Symptoms

Pain in the heel, especially with walking, running, or when the area is touched. Pain may get worse when rising on the toes (standing on tiptoes). Red, warm skin over the back of the heel.

Diagnosis

In addition to a complete medical history and physical examination, diagnostic procedures for bursitis may include the following. X-ray. A diagnostic test that uses invisible electromagnetic energy beams to produce images of internal tissues, bones, and organs onto film. Magnetic resonance imaging (MRI). A diagnostic procedure that uses a combination of large magnets, radiofrequencies, and a computer to produce detailed images of organs and structures within the body. Ultrasound. A diagnostic technique that uses high-frequency sound waves to create an image of the internal organs. Aspiration. A procedure that involves removal of fluid from the swollen bursa to exclude infection or gout as causes of bursitis. Blood tests. Lab tests that are done to confirm or eliminate other conditions.

Non Surgical Treatment

Podiatric Care may include using anti-inflammatory oral medications or an injection of medication and local anesthetic to reduce the swelling in the bursa. An injection may be used for both diagnosis and for treatment. When you go to your doctor, x-rays are usually required to evaluate the structure of your foot and ankle to ensure no other problems exist in this area. They may advise you on different shoewear or prescribe a custom made orthotic to try and control the foot structure especially if you have excessive pronation. Sometimes patients are sent to Physical Therapy for treatment as well. To aid in relief of pressure points, some simple padding techniques can be utilized. Most all patients respond to these conservative measures once the area of irritation is removed.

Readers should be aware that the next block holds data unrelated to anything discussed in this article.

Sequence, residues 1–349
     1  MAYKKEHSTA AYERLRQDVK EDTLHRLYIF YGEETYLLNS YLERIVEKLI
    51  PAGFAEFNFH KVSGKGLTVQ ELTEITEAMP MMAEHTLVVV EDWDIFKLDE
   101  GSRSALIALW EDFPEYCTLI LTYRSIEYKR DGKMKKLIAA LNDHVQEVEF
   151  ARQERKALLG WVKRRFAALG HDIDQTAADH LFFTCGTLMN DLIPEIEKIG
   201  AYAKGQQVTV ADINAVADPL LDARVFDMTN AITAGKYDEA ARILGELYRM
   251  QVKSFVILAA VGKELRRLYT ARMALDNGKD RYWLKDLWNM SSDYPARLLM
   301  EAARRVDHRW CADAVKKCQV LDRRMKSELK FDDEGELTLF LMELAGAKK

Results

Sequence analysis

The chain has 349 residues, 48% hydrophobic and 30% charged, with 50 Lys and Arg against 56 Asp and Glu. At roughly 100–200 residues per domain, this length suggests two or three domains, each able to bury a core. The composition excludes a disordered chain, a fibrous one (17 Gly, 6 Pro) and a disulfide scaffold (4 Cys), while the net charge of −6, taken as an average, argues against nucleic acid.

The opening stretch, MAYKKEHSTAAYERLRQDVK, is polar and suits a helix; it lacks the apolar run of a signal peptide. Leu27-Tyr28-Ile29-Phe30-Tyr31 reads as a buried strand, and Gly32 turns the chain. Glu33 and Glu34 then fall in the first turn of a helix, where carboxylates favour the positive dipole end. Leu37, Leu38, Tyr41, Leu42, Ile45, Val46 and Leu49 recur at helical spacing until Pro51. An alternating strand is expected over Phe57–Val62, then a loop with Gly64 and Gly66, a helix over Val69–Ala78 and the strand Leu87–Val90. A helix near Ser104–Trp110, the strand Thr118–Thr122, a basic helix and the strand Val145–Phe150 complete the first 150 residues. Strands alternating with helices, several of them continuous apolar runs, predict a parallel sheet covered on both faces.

Prevention

Maintain proper form when exercising, as well as good flexibility and strength around the ankle to help prevent this condition. Proper stretching of the Achilles tendon helps prevent injury.

Hammer Toe Decreasing Surgery

HammertoeOverview

Hammer toes are usually not a serious condition, but can become painful as the bent joint rubs against the inside of the shoe, causing irritation, corns, or calluses on the top of the middle joint or the tip of the toe. A Hammer toes may also cause occasional shooting pains throughout the toes or elsewhere in the foot. A hammertoe has a kink or contracture in its second joint–called the proximal interphalangeal joint–that causes the toe to bend upward in the middle, giving it a hammer-like appearance. The raised part of the toe often hammertoe rubs on shoes, leading to the formation of corns or calluses. Usually hammertoe affects the smaller toes, causing pain and interfering with the ability to walk normally.